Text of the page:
I just call them up and tell that ANY unsolicited packages arriving by
mail ARE considered as gifts. If THEY want it back, they can pay me
for my time and effort, otherwise, Thank you very much for the nice
NRA did this with a video a while back, and other than the person I
was talking to on the phone NOT really understanding what the big deal
was, gave no hassles over this approach
As editor and publisher, I don't believe Popular Woodworking is
involved in this and wanted to get the word out that if anyone has any
more details or specific information, I'd like to know in order to put
an end to it. I also checked with our Woodworkers Book Club and based
on the post, doesn't sound familiar to them.
You could be very correct. The package had the names of Woodworkers Journal,
Popular Woodworking and Fine Woodworking on it. As I only subscribe to
Popular Woodworking, I doubt this would have come from any other source.
But, if it did not come from your publication, please accept my sincere
apology. But, I'm not going to keep the subscription anyhow. I just don't
trust magazine folks anymore.
I've learned that an employee here actually received the same book and
offer in the mail yesterday. Let me just say that it is from a
competitor of Popular Woodworking and leave it at that. It was a book
for $9 with option to pay the $9, return it postage paid so another
woodworker could get it, or, since it was unsolicited, just keep it.
Maverick, I'd have to agree that this is a marketing tactic designed to
confuse the recipient. It's also a practice Popular Woodworking would
not engage in. And I wish you'd reconsider your subscription with us
and not paint all magazines with the same brush.
Steve, Popular Woodworking Editor & Publisher
Join the crowd, I just got a invoice from Woodworkers Journal stating
"Welcome Back". I have never received one of their magazines. I tried
subscribing once (several years ago), even filled out a subscription form
and mailed it with a check. They obviously couldn't get the check out of the
envelope (the check never cleared the bank) and proceeded to send me dunes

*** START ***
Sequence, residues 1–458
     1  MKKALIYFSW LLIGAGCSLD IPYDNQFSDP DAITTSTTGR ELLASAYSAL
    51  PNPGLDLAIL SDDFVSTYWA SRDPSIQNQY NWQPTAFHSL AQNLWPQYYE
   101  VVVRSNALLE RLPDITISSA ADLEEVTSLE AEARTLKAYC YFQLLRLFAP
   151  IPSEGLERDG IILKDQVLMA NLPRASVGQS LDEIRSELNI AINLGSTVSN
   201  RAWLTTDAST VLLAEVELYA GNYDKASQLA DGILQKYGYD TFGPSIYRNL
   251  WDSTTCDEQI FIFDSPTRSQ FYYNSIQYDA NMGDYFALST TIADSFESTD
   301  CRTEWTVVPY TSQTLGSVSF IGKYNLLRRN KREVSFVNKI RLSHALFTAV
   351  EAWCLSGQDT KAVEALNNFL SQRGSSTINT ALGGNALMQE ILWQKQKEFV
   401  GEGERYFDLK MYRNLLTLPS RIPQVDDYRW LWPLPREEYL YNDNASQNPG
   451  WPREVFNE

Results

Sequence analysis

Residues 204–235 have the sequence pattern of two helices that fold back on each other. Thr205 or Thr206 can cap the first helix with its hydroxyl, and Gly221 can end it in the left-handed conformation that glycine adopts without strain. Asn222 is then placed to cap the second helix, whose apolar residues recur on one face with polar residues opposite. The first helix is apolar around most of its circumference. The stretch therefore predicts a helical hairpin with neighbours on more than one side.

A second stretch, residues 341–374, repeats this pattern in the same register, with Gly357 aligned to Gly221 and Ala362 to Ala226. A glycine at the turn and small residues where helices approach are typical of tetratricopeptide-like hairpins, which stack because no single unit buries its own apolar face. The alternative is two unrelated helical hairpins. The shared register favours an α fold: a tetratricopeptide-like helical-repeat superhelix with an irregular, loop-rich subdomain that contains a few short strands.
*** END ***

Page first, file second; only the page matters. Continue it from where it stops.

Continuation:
for payment. I sent them a letter stating that I had sent a check and had no
intension of issuing another until I was sure that the first wouldn't show
up. They never acknowledged the problem or apologized, just kept sending
ruder dunes which I just kept feeding my shredder. RM ~
Sand hills that insult you or make fun of you when you fall off your dirt
The absence of accidents does not mean the presence of safety
Army General Richard Cody
Yeah, it's amazing how one or two magazine subscriptions can turn into
5 or 6 bills- I subscribe to Discover, Popular Mechanics and
Woodsmith, and I get a bill from some other magazine at least once a
month. Wood magazine keeps sending me invoices, as well as Popular
Woodworking and a couple of others. But- I don't actually believe
that the magazines have much to do with it. I ordered Discover and
Popular Mechanics directly via the subscription cards that come in the
magazines, and I don't get any bills for similar magazines- Woodsmith,
I ordered from a magazine clearinghouse online, and I get deluged by
offers related to woodworking. Seems to me it's the clearinghouse
that is doing the sleazy work- not necessarily the magazines
Aut inveniam viam aut faciam
No, it's not sleazy at all. If you take the time to READ the "offer", they
state that you do NOT have to return it, according to USPS law. You didn't
order it so it's yours. They would LIKE you to return it but not required.
A very common marketing tactic. I get LOTS of free books that way <G>.
But, in fairness to PW - it's all explained in their literature that came
with the book - which is an OK book BTW.
On Wed, 09 Feb 2005 14:18:15 GMT, the inscrutable "Maverick"
Just Say No!
Please remember that you never have to pay to return something someone
sends to you unsolicited. If they bill you for it, request a return